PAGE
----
Some would excuse him of charges of treachery by concluding that he has been indoctrinated into a cult. While that might spare his life, it is egregiously condescending and self-satisfied. None of these commentators doubts that its own faith is a legitimate religion. Only other faiths are “cults”. But it should be noted that the term is highly subjective, and has been applied at one time or other to every religion. ‘Cult’ is roughly equivalent to ‘weed’; if we like something, it is a plant, and if not, it is a weed. Biologically there is no such distinction.

One element of a religion that is often cited as making it a “cult” is blind obedience to a leader or hierarchy. Our renegade is by all reports guilty of that, guilty even of seeking out the chance to subsume himself in an authoritarian culture, eager to submit to al-Lah in the defining act of Islam (‘Islam’, in fact, means “submission”). But how many of Frank Lindh’s fellow Catholics are blindly obedient to the pope? How many of Marilyn Walker’s fellow Buddhists are worshipful of the Dalai Lama? And if blind obedience to a leader is cultlike, what are we to make of the notion that Sulayman al Faris should have dropped his deeply-held convictions and run home to California because George Bush suddenly decreed the Taliban an enemy?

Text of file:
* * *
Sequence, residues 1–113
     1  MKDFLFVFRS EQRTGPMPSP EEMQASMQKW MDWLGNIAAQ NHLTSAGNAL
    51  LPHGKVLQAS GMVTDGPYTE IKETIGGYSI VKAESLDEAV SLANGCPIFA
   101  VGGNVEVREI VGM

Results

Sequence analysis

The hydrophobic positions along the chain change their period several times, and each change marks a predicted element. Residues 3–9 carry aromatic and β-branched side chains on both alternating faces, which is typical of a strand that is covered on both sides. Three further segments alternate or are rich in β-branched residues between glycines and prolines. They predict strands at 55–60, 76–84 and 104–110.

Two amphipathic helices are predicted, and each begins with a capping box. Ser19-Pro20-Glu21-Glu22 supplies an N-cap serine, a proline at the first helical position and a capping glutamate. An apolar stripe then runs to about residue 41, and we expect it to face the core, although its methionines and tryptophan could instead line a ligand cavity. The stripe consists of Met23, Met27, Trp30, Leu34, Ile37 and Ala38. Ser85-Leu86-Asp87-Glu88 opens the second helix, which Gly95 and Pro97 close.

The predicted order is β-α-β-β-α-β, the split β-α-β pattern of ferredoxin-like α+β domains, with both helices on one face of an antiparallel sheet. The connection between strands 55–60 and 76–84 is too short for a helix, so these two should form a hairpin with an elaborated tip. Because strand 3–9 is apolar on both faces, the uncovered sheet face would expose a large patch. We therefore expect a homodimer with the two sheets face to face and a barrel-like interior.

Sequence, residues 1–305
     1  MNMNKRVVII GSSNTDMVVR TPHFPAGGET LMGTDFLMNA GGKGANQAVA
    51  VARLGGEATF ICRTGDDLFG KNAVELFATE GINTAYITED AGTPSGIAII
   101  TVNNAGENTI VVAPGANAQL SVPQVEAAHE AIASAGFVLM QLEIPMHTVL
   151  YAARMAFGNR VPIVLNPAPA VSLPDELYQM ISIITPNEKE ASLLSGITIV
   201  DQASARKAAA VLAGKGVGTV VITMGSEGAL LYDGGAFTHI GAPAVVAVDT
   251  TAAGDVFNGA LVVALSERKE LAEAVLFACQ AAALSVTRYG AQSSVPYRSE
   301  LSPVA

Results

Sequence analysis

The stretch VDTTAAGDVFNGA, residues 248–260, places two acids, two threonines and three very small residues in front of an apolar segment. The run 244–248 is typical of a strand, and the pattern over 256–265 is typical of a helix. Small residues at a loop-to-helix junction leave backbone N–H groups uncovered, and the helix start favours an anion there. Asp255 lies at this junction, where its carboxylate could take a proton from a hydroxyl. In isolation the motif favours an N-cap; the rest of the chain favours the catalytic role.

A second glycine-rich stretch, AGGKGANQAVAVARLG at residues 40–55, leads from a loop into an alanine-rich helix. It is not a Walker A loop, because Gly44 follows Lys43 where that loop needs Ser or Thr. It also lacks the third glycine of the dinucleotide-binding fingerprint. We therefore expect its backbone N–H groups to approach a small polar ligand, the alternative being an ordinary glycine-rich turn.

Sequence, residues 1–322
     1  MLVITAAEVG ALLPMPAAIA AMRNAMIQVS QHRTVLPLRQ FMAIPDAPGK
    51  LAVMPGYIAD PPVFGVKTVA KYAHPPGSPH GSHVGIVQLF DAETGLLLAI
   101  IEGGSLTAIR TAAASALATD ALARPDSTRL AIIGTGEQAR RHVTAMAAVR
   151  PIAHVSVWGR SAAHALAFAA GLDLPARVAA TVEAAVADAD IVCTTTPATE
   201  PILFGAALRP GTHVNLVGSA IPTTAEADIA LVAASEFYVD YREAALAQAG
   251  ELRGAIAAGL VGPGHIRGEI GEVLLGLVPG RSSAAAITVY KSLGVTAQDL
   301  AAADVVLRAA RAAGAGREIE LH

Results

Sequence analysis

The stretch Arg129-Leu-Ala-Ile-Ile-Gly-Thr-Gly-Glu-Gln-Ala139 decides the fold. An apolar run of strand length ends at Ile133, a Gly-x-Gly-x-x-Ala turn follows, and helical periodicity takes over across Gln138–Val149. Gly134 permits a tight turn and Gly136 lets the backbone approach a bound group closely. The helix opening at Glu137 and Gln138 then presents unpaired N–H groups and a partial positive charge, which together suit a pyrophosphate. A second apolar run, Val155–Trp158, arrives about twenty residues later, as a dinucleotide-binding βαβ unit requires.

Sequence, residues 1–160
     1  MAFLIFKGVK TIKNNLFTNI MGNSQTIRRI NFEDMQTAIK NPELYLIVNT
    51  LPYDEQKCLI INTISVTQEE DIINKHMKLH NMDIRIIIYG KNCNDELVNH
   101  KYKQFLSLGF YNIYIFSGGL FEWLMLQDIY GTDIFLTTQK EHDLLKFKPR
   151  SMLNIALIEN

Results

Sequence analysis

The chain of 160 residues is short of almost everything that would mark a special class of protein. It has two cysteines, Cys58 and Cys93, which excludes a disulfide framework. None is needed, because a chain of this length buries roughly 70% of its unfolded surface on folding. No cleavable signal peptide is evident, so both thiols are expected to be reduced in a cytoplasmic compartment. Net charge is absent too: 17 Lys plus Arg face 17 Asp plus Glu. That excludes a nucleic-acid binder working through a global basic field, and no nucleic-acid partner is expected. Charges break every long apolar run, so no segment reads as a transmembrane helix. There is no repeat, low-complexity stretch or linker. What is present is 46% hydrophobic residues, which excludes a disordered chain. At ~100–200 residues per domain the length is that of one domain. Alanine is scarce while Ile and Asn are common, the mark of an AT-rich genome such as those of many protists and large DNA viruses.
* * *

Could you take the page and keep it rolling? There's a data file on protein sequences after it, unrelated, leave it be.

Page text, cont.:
The other most-commonly-cited element of a “cult” is brainwashing, but since that, on examination, is quite obviously the same as faith, it is sufficient to point out the hypocrisy of those who apply the term. In the end, a cult differs from accepted religions in that it is small, or new, or in some other way powerless. But I am fairly sure that our patriotic commentators would refuse to admit that power has legitimated their various religions.